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A career in… Video games

Video games are big business, with thousands of new titles released each year and Guildford is a core gaming ‘hub’ of the UK.

As well as opportunities for developers, designers and producers each game needs an audio expert to work on the soundtrack, dialogue, sound effects and background music. As technology develops with virtual reality and augmented reality becoming more popular, the needs for a strong creative and powerful storytelling means those with an understanding of the artistic vision as well as the technological deliver modes will be at an advantage.

Chris Green, Surrey Sound Recording alumni, Composer / Creative Director

"I'm the Creative Director at Blurred Edge, an audio/music production company that I founded. We work with people who make computer games, as well as the advertising industry.

Audio quality on computer games is as good as the soundtracks for Hollywood films. Games have to sound great, so there's a commitment to the best production values. We help other companies to compose top-quality music and audio branding, so I need to understand a range of technical, commercial and creative issues relating to studio space, equipment and performers - including full orchestras."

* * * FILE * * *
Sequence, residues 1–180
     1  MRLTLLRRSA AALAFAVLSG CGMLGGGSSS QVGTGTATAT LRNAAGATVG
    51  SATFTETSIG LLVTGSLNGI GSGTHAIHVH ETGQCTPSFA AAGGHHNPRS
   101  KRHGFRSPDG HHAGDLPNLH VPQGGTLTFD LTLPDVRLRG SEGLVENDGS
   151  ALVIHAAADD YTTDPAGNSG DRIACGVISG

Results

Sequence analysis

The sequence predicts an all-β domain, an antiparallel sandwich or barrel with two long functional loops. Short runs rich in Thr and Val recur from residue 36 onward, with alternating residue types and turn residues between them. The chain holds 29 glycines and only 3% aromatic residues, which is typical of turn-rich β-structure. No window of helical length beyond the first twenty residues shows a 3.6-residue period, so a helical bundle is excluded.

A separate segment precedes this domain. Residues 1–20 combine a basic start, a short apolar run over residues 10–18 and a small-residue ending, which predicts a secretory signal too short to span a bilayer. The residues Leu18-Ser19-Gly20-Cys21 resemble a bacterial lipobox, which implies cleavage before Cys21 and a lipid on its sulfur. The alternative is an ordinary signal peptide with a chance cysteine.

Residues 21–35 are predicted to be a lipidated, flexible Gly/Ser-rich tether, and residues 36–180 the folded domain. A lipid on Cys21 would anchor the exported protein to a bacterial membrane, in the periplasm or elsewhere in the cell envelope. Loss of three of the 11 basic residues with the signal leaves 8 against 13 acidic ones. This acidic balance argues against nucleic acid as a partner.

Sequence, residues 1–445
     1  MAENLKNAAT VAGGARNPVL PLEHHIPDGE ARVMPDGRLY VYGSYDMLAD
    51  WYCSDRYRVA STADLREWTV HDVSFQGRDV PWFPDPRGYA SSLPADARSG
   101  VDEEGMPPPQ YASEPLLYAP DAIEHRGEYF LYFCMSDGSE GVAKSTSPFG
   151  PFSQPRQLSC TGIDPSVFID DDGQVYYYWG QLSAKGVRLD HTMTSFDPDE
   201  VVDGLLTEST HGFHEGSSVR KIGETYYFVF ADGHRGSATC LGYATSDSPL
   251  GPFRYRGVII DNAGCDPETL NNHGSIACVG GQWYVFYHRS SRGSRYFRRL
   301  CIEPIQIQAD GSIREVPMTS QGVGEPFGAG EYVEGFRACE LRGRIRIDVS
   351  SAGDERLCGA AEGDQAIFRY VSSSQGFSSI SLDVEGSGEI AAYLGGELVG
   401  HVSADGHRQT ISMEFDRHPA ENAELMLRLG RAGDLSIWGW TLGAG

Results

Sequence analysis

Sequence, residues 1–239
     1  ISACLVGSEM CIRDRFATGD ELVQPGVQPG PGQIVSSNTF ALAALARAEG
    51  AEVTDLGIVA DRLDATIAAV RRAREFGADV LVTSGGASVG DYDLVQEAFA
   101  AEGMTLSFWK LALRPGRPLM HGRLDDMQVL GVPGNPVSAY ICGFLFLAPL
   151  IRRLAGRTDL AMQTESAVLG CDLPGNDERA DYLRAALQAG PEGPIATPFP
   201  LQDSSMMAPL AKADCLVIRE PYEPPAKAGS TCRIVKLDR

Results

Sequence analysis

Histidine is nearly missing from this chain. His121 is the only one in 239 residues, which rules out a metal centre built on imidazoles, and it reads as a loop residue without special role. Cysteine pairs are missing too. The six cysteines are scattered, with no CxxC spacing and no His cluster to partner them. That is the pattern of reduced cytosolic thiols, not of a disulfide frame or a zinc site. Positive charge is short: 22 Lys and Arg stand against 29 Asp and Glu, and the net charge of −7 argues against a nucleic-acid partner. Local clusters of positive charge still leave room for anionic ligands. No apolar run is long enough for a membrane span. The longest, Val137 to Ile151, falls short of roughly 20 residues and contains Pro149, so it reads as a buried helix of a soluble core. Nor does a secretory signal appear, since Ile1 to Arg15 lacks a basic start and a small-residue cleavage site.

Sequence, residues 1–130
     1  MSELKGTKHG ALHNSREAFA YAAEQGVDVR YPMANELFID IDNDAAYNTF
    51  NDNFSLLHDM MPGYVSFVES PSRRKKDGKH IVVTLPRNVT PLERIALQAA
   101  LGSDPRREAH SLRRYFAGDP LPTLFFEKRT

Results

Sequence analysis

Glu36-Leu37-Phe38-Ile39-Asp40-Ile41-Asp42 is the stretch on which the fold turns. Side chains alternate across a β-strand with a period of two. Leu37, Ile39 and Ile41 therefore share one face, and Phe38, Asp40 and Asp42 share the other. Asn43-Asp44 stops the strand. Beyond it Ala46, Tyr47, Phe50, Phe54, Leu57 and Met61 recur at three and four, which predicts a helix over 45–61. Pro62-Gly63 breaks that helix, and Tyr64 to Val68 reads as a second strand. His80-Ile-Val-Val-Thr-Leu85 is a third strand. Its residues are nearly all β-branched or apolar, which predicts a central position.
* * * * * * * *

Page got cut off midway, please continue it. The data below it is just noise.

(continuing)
A career in… Live events

Music tourism in the UK is big business. From small gigs to stadium concerts, from regional theatres to the West End, from conferences to national events, every live performance needs a technical expert.

You could work in-house at a venue, getting to know its own acoustic characteristics and helping visiting theatrical productions to make the most of them. You could join the backstage team for rock tours, helping to arrange audio requirements or travelling with the band to mix their live performances. You could even become a consultant brought in to design sound systems for large one-off events, concerts or festivals.

Ian Stickland, Surrey Sound Recording alumni, Sound Designer and Consultant